“Ninety six, ninety seven, ninety eight, ninety nine, one hundred” I gasped under my breath as I laid my paddle down horizontal on the tandem kayak, allowing myself a 30 second break before picking it back up again. Paddling a tandem kayak with an 87-year-old in the front who had never kayaked in his life before was not what I was expecting when I signed up for my guided kayak trip. I suppose it was my fault though, after all I was the one who had volunteered to switch places with a fellow kayaker who wanted a bit longer of a paddle. Showing up to meet my group it quickly became apparent to me that I was the youngest by at least 35 years. As I helped my fellow kayaker done his life jacket and skirt it occurred to me that I may just be getting a better workout on this paddle than I expected. Have I mentioned that I haven’t kayaked in about 20 years? Perhaps it would have been useful for me to take the Kayak 101 course that was offered in the morning, I thought to myself, as I saddled up to the dock and tried to look like I knew what I was doing. Magne had made it pretty clear that he wanted to the be in the front, and I was to be in the back, doing all the steering. I wondered aloud to the expedition team how I had gotten myself into this position as I sat down in the back with a clunk, trying to find my rudder pedals that apparently steered the boat. “Good luck” they shouted instead of answering my question as they pushed us off the easy dock and into the waters that surrounded Protection Island.

“Alright Magne, it’s really easy” I proclaimed in my loudest and most confident voice, after all he was 87 and I didn’t want to let on that I really had no idea how to kayak, “let’s paddle this thing together”. As Magne stuck his paddle in the water for the first time, two things occurred to me. First off I was going to get wet, really wet, as every time he lifted his paddle out of the water he managed to spray me in the face. Secondly it was probably going to be much easier to navigate this tandem kayak if only I paddled. As I held back my opinion and started power paddling (which I will let you know is much harder than it looks) it dawned on me that one day I would be 87 years old and hopefully by then karma will have come around and some young one would take pity on me, just like I had on Magne. As a harbor seal popped his head up 50 yards from us and a bald eagle took flight above us I heard Magne say, “well would you look at that” with an awe inspired tone of voice; enough to make me forget about the 300 pounds of dead weight I was trying to move across the channel, enough to make me forget that I was losing more water in sweat than I was taking in and enough to make me forget Magne was indeed not paddling. It was these moments I search for in my travels, the moments that make you forget the bad and make you remember the good. It was with great pride that I paddled Magne around Protection Island that morning, I listened to his stories from when he was a child growing up in Norway, learned about his wife who was living with Alzheimer’s and learned about the time he made his own kayak out of margarine tubs, some nails and fertilizer bags. As Magne stroked backwards and I stroked forwards, it occurred to me that it didn’t matter that we weren’t going anywhere, it didn’t matter that we couldn’t keep up with the group, that I was sweating buckets and that Magne had no clue that paddling backwards was the wrong way. The only thing that mattered in that moment was the joy I felt when Magne turned to me and said “thanks for being my captain”.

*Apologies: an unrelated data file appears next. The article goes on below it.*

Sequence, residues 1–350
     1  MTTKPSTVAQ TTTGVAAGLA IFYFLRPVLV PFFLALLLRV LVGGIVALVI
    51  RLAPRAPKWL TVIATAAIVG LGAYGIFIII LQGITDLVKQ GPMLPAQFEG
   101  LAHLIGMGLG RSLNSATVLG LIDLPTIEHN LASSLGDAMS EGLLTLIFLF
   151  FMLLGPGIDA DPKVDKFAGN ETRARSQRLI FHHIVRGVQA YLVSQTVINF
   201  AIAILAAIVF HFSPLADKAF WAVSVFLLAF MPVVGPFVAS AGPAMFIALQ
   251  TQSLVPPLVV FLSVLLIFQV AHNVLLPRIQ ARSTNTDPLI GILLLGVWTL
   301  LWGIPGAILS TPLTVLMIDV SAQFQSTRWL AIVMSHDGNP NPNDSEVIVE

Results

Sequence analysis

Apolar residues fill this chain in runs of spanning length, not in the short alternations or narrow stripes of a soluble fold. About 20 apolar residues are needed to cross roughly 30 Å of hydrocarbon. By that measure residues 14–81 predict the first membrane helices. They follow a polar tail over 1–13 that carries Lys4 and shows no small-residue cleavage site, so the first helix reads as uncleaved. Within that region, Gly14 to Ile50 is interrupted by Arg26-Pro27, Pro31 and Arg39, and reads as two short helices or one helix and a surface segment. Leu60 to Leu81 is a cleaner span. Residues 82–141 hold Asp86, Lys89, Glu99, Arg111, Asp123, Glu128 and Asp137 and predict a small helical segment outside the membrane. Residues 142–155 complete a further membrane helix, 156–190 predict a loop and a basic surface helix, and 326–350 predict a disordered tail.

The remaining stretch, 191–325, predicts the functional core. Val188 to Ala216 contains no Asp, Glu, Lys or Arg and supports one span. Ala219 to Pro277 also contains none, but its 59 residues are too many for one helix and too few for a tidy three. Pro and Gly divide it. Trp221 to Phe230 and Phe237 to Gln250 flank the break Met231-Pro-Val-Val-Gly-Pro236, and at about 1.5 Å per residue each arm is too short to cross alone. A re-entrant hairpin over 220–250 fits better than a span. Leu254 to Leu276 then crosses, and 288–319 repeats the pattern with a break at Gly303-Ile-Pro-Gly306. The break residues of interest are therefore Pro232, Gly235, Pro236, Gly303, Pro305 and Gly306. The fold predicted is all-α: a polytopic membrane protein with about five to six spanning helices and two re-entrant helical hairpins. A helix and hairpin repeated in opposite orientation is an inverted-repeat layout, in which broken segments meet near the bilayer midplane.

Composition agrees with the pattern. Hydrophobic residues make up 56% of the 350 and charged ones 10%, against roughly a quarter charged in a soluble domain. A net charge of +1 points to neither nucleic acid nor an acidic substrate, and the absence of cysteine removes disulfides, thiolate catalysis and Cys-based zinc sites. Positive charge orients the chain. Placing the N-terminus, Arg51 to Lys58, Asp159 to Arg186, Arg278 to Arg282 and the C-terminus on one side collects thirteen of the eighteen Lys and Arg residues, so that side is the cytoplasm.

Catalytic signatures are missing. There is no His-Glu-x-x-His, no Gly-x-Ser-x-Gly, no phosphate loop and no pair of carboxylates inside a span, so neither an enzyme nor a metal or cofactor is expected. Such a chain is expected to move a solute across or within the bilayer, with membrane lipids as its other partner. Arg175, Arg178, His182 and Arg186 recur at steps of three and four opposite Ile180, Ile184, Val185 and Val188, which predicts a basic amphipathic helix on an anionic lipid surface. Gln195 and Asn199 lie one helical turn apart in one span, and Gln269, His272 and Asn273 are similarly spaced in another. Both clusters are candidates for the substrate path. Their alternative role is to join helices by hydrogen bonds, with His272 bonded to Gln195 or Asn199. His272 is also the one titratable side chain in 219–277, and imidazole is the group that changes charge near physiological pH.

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My beautiful group of paddlers
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